Chapter 6: Government and Law in Costa Rica posted by on July 4, 2012
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here are 3 levels of government in Costa Rica,  the national government, the provincial government (which has become almost non existent with the elimination of the provincial governors some years back), and the municipal, or cantonal government.


The municipal governments do most of the mundane local tasks, such as garbage collection, property tax registry and collection, issuing of business licenses, etc.


Most people don’t realize it, but cantons vary quite a bit in how they treat businesses.  Some have governments that are somewhat hostile to gringos.  Supposedly Alajuela is one of those.  Others have a more friendly business atmosphere, like Escazu,Santa Ana, and some are downright inviting because they are in a rural or depressed area.  Puriscal comes to mind here.


Many of the multinational corporations here elect to locate in a Free Trade Zone, which means they are not under the jurisdiction of the local canton, which can sometimes be a real blessing.


The national government as 4 branches, the Executive, headed by the President with 2 vice presidents, the legislature, which is a one house body, the judicial, and the Supreme Elections Tribunal, which is its own branch and runs the country on election day, monitors and organizes elections, issues Costa Rican citizenships and cedulas, registers marriages, etc.  This branch runs the Civil Registry.


Presidents and deputies in the legislature can only serve on consecutive term.  These term limits mean that there are no “career legislators,” because after 4 years they have to go back to work in the real world.  Maybe other countries should try this idea.


The Executive Branch has many ministries, but the one most commonly run into by tourists is the ICT, which is the tourism institute.  They are responsible for monitoring hotels and other businesses that serve tourists, as well as performing other functions.


Of course, most expats have lots of experience with the Immigration department.  The new administration has made great efforts to streamline this agency’s operations, and it seems to be succeeding, which was a huge task considering the mess left by the previous administration.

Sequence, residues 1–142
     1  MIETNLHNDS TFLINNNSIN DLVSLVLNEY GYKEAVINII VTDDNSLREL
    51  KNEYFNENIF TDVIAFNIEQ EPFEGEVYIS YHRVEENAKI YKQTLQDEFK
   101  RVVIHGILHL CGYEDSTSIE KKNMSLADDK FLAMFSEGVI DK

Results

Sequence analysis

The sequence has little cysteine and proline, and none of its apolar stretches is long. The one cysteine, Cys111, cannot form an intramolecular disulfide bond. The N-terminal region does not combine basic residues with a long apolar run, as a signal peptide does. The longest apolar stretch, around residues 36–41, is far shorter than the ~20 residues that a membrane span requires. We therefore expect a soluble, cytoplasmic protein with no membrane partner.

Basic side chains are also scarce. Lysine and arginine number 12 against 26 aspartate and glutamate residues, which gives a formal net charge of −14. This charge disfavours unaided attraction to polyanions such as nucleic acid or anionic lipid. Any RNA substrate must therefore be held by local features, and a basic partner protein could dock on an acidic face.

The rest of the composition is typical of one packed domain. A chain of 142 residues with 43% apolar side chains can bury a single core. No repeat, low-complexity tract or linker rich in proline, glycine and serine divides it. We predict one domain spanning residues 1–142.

The courts operate according to the Napoleonic Code, which works somewhat differently from that of theUSand other English speaking countries.  One big difference is that there are no juries for criminal or any other kind of trial, but each trial is presided over by a 3 judge panel called a Tribunal.  The judges here the case, examine the documents submitted, and issue their ruling after due deliberation.  There is a greater reliance on document submission rather than oral testimony in court cases here.


Another quirk of this system is that a suspect is arrested FIRST, and then either released on bail, having to sign in every 15 days, or is put into preventative detention.  After the arrest, THEN the investigation begins in earnest, which is the opposite way from how things are done in theUSorUK.  This system can be very bad for the defendant, as detention can drag on for YEARS before the case is ever brought to trial.


Both civil and criminal cases take YEARS to get to their court dates, and the clogged legal system here seems to be getting slower instead of faster.


The Judicial Branch oversees the prosecutor’s office (fiscal, in Spanish) and its investigative arm, the OIJ, which is similar in concept to the US FBI.  The police agency run by the Executive Branch is th Ministerio Publico.  Each canton also has their local police.  So you have 3 different main types of police operating in this country, each with its defined duties.


The Supreme Court of Costa Rica is called the Sala IV, which is the constitutional court.  This court acts as a check and balance on other parts of government, to make sure they follow the constitution.


We could go on and on cataloguing various government agencies or bureaus, but this gives you an idea of some of the main branches and functions.


One final word, you need to be really careful here not to get involved in a lawsuit.  If someone sues you they cn ask the court to take away your passport, which means you can be stuck in this country until your case goes to court, which could be as long as 7 years from the start of the process.


Another problem I will caution you on is if you married but get a divorce and have kids from that marriage, the X wife can appeal to the court, and they will send the police out to take your passport and bar you from leaving the country unless you put up  ridiculous amount of alimony and child support payments to the court in advance.


One other word of caution for business owners, is that you need to make sure you are using a good lawyer to set up your business affairs, as there are many different things you need to do with different levels of government, and you want to make sure you have everything under control so that your buisness is operating within the law.


If you want a recommendation to good lawyers or other professionals, please fill out the form on our contact page and we will get back to you within 24 hours M-F.


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